Navigating Esop reporting rules for Indian subsidiaries of foreign MNCs

The lack of practical guidance and clarification from the RBI leads to numerous issues with reporting Esops. (Image: Pixabay)
The lack of practical guidance and clarification from the RBI leads to numerous issues with reporting Esops. (Image: Pixabay)


  • Indian companies must report foreign Esop transactions of their employees to the RBI, creating challenges in sourcing and verifying information

If a foreign company offers stock options to employees of an Indian company, the domestic firm must report any future transactions involving these shares to the Reserve Bank of India (RBI), despite not being directly involved.

The connection is that those receiving these employee stock ownership plans (Esops) and restricted stock units (RSUs) are residents working for the Indian company.

The reporting structure is outlined in “Form OPI," which now requires semi-annual submissions instead of annual ones. While the increased reporting frequency isn’t inherently problematic, the Indian company often faces challenges in sourcing or verifying the necessary information.

These additional disclosures include details of investments held abroad, disinvestments, repatriations and remittances made by employees under the foreign company’s stock option schemes.

Also Read: Stock options are making a comeback. Here’s why

While the increase in frequency of reporting is not a hassle per se, the information being sought can sometimes become impossible to source or verify.

Operational challenges

The lack of practical guidance and clarifications from the RBI leads to numerous issues with reporting sensitive employee information. This added burden requires the Indian company to collect data from employees or ex-employees, making it nearly impossible to verify its accuracy.

Under Form OPI, the Indian company must report all details of exercises, repurchases, repatriations and remittance amounts for transactions by employees, including ex-employees, concerning the stock options offered to them by the foreign company, within a 60-day timeframe.

Previously, details of share sales were required only for repurchases by the foreign company, which was ostensibly accessible data for the reporting Indian company. Now, details of all sales, including third-party sales and repatriation amounts, are required, information that may not even be available to the foreign company. The only person with reliable information would be the employee or ex-employee making such a sale.

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To calculate tax upon exercise of the options, the Indian company is expected to have the mechanism to have the data with respect to the exercise of the options. However, till now there was no requirement for the Indian company to procure or maintain the data on all the stocks (of the foreign company acquired under Esops sold by employees or ex-employees.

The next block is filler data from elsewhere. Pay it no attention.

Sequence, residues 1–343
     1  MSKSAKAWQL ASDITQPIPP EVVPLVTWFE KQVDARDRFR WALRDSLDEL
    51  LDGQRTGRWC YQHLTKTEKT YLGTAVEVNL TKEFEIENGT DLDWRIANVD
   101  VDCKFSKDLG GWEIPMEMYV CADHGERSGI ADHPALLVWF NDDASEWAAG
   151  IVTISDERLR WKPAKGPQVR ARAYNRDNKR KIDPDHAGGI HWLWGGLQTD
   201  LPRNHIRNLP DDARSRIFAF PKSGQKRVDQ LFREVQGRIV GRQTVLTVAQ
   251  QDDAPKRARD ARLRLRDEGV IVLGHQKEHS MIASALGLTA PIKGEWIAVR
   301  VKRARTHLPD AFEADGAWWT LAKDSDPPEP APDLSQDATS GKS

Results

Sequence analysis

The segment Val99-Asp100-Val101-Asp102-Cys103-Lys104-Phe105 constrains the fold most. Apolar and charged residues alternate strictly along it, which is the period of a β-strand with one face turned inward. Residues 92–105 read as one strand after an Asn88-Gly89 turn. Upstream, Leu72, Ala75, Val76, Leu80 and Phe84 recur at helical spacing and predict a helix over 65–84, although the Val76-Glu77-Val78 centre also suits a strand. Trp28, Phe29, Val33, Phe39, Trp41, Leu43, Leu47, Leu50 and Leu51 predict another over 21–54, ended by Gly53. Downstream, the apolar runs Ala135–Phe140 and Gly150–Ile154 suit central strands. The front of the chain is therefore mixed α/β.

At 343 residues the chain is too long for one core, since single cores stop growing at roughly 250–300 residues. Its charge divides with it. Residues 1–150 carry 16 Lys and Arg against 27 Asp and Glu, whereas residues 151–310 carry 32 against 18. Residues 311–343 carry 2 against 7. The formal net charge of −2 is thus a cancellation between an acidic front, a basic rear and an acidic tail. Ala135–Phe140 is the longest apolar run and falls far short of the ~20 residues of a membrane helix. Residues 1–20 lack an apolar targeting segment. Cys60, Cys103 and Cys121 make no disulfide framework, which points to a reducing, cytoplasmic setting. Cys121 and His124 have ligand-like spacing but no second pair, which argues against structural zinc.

It is quite impractical to expect the Indian company to procure and maintain such data from the employees as this is personal information. There could be hundreds of employees who would have exercised their Esops in the past (and as long back as over a decade), and some of them may not even be in employment or associated with the group.

Also Read: Meesho announces its largest Esop buyback, worth $25 million

Clarifications on terms like “remittance amount" and “repatriation amount" in Form OPI, as well as guidance on information sources, would be immensely helpful.

The Indian company may not be capable of certifying the accuracy of this information since it is not privy to the transactions.

Given that both exercise and sale are taxable events for employees, a mechanism could be established for employees to report directly to the RBI. This can perhaps be dovetailed in the Foreign Exchange Management (Realisation, Repatriation and Surrender of Foreign Exchange) Regulations, 2015.

Read More: Why MNC employees with Esops are on taxman’s radar

Though the rules intend to foster transparency regarding Esop transactions, there is still a dire need for clarification to address various queries and make reporting practical. Such clarification would be empathetic towards the concerns of the Indian entity in complying with these requirements, where such Indian entity is not even involved in the acquisition or sale of the options/shares by its employees.

Vishwas Panjiar is a partner at Nangia Andersen Llp.

Parul Sharma, manager, and Pragati Keshari, associate, at Nangia Andersen, contributed to this column. 

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